In England the Reform that was first put in place by the state remained unsteady for over a hundred years. Eventually, the Puritan Reform (that only took the logic of Reform to its next step) began to smash images, behead kings, outlaw bishops, outlaw holidays, outlaw dancing (they were a fun lot). For ten years England was ruled by a bloody dictatorship that was as ruthless in its iconoclasm as any regime in history.

One of the difficulties of iconoclasm is its appeal to the idea of God. Images are smashed because they are considered an affront to God. And not just images, but certain ideas are smashed (burn the books and those who wrote them). There is a “righteousness” to the cause which refuses to accept anything other than complete obedience.

I do not write about iconoclasm entirely from the outside. I’ve been there – done that. The verse of Scripture that seemed most “iconoclastic” to me was in 2 Cor. (10:3-6):

For though we walk in the flesh, we do not war after the flesh: (For the weapons of our warfare are not carnal, but mighty through God to the pulling down of strong holds;) Casting down imaginations, and every high thing that exalteth itself against the knowledge of God, and bringing into captivity every thought to the obedience of Christ; And having in a readiness to revenge all disobedience, when your obedience is fulfilled.

Of course, the verse is referring to sinful thoughts and uses (as is not unusual in St. Paul) martial imagery. That same imagery applied to the governing of a state (or a Church) can be quite dangerous. It is useful in the spiritual life, provided it is well-directed by a mature and generous guide.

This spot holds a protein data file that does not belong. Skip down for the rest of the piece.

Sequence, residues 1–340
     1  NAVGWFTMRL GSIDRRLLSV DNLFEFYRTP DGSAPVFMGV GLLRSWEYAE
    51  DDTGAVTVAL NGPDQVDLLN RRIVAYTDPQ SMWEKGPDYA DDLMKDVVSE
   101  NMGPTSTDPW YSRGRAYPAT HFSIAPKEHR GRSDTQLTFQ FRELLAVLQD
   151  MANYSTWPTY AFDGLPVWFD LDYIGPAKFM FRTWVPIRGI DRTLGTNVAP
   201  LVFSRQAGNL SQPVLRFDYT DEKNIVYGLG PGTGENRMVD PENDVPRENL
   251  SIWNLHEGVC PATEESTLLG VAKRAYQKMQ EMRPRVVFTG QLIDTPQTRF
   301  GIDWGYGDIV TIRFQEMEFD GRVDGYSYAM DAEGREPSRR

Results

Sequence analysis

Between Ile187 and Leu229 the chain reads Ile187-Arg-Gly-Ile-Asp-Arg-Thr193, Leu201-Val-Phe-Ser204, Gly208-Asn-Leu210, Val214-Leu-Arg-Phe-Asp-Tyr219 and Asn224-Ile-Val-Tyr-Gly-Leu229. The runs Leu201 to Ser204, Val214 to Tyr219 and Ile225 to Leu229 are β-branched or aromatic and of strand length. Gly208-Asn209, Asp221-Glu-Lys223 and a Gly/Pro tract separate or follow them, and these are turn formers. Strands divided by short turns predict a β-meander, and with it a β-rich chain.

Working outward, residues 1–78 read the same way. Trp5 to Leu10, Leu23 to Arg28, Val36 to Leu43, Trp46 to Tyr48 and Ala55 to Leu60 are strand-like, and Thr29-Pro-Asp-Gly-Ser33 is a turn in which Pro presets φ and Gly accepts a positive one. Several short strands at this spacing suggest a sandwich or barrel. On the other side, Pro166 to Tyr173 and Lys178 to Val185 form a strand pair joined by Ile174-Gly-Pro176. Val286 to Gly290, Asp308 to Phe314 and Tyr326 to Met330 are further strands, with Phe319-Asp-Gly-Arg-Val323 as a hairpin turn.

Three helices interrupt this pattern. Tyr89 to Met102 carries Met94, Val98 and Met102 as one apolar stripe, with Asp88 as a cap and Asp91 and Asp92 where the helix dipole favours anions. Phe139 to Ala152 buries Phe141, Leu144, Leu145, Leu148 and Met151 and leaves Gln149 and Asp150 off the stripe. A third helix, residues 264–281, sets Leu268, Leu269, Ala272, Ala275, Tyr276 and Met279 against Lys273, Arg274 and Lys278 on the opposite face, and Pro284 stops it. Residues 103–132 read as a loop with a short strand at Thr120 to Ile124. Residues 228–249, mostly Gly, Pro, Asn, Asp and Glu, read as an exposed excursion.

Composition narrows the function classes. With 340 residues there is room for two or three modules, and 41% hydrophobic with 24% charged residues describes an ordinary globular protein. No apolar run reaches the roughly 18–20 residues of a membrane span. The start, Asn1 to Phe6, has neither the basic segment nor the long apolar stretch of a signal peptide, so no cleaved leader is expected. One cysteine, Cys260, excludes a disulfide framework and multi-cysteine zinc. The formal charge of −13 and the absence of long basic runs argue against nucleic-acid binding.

The plain truth of the matter is that God is an icon-maker. He first made man “in His own image.” And in becoming man, the man he became is described as the “image of the invisible God” (Col. 1:15). The same God who gave the commandment to make no graven images, also commanded the making of the Cherubim on the Ark of the Covenant, as well as the images of angels woven in the curtain of the Tabernacle. He commanded the making of the image of the serpent, lifted on a staff, that brought healing to all who looked on it (an Old Testament prefigurement of the crucified Christ).

In the better than 14 years I have known Archbishop DMITRI of Dallas (my bishop), I have heard him warn incessantly that the greatest danger in the modern world is the attack on man as the image of God. That God became man in order to unite man to God is the only sure Divine underwriting of human worth. We have value because of the image we bear.